Tourism promotes inclusive economic growth says World Bank Group President Jim Yong Kim

Published on : Wednesday, December 9, 2015

World Bank Group President  Jim Yong KimWorld Bank Group President Jim Yong Kim at the World Bank Group Tourism Forum 2015 Welcomed everyone to the World Bank Group’s Tourism Forum 2015. He also welcomed people watching online, or following on social media.

He said “we’re hosting today’s conference because we’re committed to tackling the world’s toughest development challenges – especially poverty and inequality. All of our resources – our global development knowledge, investment capital, financial expertise and country presence – are devoted to making the world a more just and prosperous place. As I will explain, tourism can play an integral role in helping us fulfill this mission.

We have established two goals at the World Bank Group – to end extreme poverty by 2030 and to boost shared prosperity among the poorest 40 percent in developing countries. The world has made great progress toward ending poverty — there are 1 billion fewer people who live in extreme poverty today than 15 years ago. Yet there are still about 700 million people living on less than $2 a day.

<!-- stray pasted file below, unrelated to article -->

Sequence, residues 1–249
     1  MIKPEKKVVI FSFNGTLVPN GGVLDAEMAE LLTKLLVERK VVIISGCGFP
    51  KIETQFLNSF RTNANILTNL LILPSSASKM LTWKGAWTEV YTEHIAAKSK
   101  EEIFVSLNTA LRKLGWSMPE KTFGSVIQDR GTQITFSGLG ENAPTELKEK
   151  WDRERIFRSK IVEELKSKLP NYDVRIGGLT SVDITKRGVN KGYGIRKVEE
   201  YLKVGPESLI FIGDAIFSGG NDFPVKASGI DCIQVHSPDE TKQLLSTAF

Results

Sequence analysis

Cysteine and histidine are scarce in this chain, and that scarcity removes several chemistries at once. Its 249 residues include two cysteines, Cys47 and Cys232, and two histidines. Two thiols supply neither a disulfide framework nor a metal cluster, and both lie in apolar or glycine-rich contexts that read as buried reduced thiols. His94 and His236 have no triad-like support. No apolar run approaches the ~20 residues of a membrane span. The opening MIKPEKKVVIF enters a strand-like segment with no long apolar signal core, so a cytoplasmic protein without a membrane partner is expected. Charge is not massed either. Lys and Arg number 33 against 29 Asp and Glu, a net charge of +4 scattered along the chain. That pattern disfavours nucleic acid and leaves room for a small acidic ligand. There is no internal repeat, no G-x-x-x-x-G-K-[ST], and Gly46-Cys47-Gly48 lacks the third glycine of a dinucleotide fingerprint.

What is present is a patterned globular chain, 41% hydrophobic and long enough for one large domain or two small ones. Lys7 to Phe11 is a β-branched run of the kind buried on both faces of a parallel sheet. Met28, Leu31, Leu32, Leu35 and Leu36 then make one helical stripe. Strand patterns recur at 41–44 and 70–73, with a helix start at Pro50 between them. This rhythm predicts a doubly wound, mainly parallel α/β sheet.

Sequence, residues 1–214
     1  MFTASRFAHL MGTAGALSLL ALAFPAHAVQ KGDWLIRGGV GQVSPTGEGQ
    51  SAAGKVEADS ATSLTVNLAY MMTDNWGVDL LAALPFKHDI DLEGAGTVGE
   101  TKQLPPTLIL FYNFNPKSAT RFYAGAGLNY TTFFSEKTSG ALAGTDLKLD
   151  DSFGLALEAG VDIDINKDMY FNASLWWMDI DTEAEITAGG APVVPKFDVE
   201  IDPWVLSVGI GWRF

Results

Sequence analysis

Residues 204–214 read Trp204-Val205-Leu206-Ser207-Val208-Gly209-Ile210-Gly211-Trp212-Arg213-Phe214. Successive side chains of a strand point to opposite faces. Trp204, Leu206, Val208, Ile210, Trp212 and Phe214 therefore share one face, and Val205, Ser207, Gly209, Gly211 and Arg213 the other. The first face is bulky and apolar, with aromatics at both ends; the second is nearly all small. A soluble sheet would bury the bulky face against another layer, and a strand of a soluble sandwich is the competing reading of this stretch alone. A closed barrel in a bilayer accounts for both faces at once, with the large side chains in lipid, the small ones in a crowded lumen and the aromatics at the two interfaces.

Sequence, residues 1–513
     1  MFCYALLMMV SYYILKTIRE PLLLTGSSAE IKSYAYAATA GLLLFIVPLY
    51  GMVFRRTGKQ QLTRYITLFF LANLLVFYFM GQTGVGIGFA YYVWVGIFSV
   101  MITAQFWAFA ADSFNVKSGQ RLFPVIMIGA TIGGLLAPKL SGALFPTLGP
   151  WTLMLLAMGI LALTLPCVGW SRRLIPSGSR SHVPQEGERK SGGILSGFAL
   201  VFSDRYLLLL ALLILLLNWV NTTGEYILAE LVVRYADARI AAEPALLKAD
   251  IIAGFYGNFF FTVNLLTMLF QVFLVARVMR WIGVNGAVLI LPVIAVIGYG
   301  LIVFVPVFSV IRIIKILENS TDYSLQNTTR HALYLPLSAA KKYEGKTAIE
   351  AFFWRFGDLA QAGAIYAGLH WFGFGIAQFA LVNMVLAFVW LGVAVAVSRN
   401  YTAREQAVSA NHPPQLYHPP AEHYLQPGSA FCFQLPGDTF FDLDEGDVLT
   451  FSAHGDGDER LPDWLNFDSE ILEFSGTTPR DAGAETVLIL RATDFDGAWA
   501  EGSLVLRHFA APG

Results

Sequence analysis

Based on more than 50 years of global development experience, we have a very good understanding of what has worked and not worked, and why, in specific contexts around the world.

We’ve learned that it’s imperative that developing countries take the lead in their development, and that international institutions must collaborate to support them.

We understand that working with partners from the public and private sectors, civil society, and academia, will increase the impact of our work.

And we know what countries must do to achieve their development goals. This strategy can be summarized in three words: Grow. Invest. Insure.

We must promote inclusive economic growth; invest in people’s health and education; and insure against shocks that plunge people into poverty, using expanded social safety nets and taking action against global threats like climate change and pandemics. The evidence shows that tourism is a powerful way to advance along these three fronts.